View Full Version : Questions on opening
10-19-2007, 01:57 PM
I have a 31500 sq. ft. building, was used as an warehouse. But now I want to turn it into a haunted house so far it has a sprinkler system in place. And an alarm system. But the city wants me to have Ada compliant male and female restrooms drinking fountain architectural stamped plans parking traffic flow/ access. Just wanted to know if there is more or less I need to do? also what it take to open your haunts?
10-19-2007, 03:03 PM
Move buiding to new city. Sounds like you will have a long rough journey to open a haunt. (Not to mention an expencive one!)
10-19-2007, 03:31 PM
Our property consists of 3 "real" buildings, "town" that was primarily built with 4x8 walls, on a 55,000sq ft piece of land, not including parking or concessions. No sprinkler in any building. We're actually located in a county owned park.
The restrooms certainly aren't ADA compliant, no drinking fountain, no real plans nor any flow diagrams. I don't believe our attraction even has to be ADA compliant anymore (I could be mistaken on that and we're compliant anyhow).
To open, we get inspected by a Pennsylvania Dept. of Agriculture Amusement inspector (myself or one of our other staff members are licensed). We get inspected by both fire and building inspectors.
That's really about it. We're on good terms with our fire and building inspectors. It goes a long way with them to show that you want to put on a SAFE show. When you get inspected, take a clipboard and legal pad with you and write down every little thing that he has an issue with. If there is anything that you find questionable about work that you have done, ask him his opinion on it.
But I agree with MMManiac. That's a lot of work to open a temporary attraction.
10-19-2007, 05:31 PM
I agree to. I have not heard of such a things. You will have your hands full for sure. I would try and find a new location. Other then that, the building has things some haunters have to pay extra to have built or put in. I am sure that there are even haunts that have no bath rooms. I have not been to one, but I am sure that they are out there.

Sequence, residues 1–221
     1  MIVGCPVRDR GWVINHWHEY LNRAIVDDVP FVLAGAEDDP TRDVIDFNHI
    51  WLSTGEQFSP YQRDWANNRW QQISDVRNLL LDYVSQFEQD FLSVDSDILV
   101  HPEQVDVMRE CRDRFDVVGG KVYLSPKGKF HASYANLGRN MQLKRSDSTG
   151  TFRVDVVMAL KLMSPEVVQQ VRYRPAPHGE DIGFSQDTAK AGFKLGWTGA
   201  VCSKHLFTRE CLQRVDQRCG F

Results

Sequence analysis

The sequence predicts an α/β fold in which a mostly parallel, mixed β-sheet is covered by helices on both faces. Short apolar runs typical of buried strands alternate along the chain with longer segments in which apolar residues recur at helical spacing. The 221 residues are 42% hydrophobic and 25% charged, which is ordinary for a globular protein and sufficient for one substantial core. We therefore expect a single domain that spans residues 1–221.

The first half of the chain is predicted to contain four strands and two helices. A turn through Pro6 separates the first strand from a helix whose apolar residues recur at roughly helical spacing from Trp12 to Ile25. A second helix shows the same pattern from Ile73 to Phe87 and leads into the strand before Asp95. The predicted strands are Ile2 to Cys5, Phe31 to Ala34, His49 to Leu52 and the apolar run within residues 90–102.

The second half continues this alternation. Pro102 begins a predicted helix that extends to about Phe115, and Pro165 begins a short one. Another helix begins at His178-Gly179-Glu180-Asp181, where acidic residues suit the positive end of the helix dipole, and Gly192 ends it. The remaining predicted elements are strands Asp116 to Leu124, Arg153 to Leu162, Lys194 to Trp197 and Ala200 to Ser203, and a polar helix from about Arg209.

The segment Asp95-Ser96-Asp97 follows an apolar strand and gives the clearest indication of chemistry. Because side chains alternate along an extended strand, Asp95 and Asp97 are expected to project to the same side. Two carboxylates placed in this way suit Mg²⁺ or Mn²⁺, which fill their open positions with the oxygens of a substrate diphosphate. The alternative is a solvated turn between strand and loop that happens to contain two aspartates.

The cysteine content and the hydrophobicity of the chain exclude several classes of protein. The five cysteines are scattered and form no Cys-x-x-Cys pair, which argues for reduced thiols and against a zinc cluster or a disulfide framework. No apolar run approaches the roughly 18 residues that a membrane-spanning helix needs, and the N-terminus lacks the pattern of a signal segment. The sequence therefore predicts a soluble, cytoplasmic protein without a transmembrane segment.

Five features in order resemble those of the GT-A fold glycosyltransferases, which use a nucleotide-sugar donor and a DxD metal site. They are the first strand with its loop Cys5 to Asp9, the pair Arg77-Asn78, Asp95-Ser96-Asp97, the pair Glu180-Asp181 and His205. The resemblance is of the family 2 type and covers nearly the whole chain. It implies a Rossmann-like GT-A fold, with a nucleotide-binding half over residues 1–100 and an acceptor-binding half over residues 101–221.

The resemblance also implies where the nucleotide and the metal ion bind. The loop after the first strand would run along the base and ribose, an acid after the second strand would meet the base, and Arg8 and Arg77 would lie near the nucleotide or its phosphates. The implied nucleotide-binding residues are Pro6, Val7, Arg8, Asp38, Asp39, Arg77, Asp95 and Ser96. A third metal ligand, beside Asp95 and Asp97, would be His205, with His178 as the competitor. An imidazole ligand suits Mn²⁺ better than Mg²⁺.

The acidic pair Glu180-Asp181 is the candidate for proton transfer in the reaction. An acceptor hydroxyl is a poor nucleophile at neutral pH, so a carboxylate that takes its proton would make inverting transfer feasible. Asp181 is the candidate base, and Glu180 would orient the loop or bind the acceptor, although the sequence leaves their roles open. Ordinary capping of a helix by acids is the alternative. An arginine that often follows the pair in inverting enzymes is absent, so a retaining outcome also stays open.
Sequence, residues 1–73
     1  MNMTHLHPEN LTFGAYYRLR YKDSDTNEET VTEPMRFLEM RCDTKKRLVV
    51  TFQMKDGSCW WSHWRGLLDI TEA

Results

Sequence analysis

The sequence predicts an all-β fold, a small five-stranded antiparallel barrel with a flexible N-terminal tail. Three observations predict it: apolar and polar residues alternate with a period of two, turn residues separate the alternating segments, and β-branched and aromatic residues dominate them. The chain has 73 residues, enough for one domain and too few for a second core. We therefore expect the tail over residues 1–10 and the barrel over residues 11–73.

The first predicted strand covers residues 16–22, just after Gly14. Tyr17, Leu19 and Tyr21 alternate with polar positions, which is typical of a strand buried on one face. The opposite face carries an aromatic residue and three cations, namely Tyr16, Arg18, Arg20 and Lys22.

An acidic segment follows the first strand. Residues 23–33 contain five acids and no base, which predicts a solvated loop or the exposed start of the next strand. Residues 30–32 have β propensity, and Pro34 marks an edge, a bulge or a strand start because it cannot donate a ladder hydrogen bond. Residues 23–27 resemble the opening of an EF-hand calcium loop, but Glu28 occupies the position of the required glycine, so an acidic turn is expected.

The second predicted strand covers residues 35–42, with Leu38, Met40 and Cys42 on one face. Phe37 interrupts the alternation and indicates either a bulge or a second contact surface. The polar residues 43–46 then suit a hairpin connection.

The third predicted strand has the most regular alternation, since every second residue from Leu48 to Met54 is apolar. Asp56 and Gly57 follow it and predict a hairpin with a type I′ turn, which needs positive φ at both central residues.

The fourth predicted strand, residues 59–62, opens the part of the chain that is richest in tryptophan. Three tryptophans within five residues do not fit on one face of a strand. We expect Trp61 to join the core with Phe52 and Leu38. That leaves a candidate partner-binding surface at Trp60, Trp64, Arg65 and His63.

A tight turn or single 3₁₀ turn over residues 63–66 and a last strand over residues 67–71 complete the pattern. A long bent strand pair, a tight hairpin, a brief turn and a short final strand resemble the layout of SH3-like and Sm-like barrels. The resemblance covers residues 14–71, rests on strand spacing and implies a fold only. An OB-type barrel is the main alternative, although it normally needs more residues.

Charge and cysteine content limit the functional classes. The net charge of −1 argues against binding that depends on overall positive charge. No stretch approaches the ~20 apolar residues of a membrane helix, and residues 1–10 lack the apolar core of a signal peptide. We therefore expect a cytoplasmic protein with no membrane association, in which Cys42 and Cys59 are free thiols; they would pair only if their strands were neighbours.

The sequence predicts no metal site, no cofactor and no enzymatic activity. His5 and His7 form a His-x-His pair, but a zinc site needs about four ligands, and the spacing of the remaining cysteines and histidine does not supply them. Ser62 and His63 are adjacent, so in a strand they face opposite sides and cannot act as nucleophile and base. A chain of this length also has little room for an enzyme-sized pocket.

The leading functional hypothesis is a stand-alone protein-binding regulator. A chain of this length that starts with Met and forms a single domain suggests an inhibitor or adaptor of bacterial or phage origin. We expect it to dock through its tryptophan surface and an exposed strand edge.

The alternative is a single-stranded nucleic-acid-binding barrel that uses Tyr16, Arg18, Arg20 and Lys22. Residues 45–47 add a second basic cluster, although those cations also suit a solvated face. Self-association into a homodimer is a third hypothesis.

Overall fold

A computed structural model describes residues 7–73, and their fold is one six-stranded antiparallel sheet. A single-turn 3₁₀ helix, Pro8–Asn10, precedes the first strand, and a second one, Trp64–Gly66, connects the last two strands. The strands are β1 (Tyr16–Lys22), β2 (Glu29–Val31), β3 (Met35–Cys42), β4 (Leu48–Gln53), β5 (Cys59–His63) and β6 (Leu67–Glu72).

It sounds like the city has to much control over what it is your wanting to do. Try and go to the City Council and tell them what it is your doing and that you feel that some of those things that they want you to have you don't need. Or ask them if portable tiolets are an option.
I hope that some of these tips help!
10-20-2007, 07:40 AM
I'll add a few things that I failed to mention before.
Most port-a-potty companies rent large units that are actually ADA compliant. We rented one for a fair that I work for in Columbus that was a little mini-building. Male / female seperated and it was huge. It was laid out like a little bathroom with multiple urinals, sinks, etc.
Also, study your codes and look for thing that might be possible loopholes. Back with the old building inspector that hated us, he said we were required to sprinkle our maze (4500 sq ft, 36x124', 4x8 walled, no roof, outside on blacktop, no electric). We found that if we called it a "a temporary fence to direct the flow of traffic", it didn't need to be sprinkled. So we did and to this day it's still not sprinkled.
The only thing I have an issue with is our fire marshal. Nice guy and all and doesn't give us a rough time, but he thinks he's an electrical inspector too. He has outlawed all "brown" extension cords, and by that I mean your standard 2 prong, non grounded lamp cord type with the 3 way tap at the end. Bogus (they're UL listed for Christ sake!), especially for lighting, but whatever, we complied.
This past inspection he got behind a prop and started pulling cords out of (2) 2 gang electrical boxes and swapping them around. I asked him to please stop and asked why he was doing that. He didn't like the way I had it laid out... Long story short, this was a controlled outlet set, 4 different circuits off of the controller, the plugs are where they NEED to be and it won't work any other way. He didn't understand. His beef was on one of the outlets, I had a 3-way cube tap in one of the outlets because I ran out of room due to a few all warts, he didn't like that and instead, wanted a surge strip plugged in. So, we have to go from a $2 15amp rated, UL listed cube tap to a $10 surge protector.
He has pretty much outlawed the use of cube taps in our haunt, wanted every one of them replaced with surge protectors, including outside. His reasoning behind this is because the surge protector has a built in breaker. Well no kidding. I guess the OCPD's in the panel don't count for anything :furious:.
In area's that used to have a 3 way tap, with extension cords plugged into them, where it was fairly weatherproof, now we have to use surge protectors, outside that now are open to even more water intrusion thanks to the open outlets.
Knowing my way around electrical far more than him, this HIGHLY irritates me.
err.. uh.. sorry, I didn't mean to go off topic with my little rant / tangent...
10-20-2007, 09:54 AM
thanks everyone for the input. I guess there was this other guy that tried the same thing earlier this year and just decided to move out of city limits. I'm gonna try to get this haunt up an running for next year. And show the city its not a bad thing to have. See they always find way to shut down all the fun stuff in our town.
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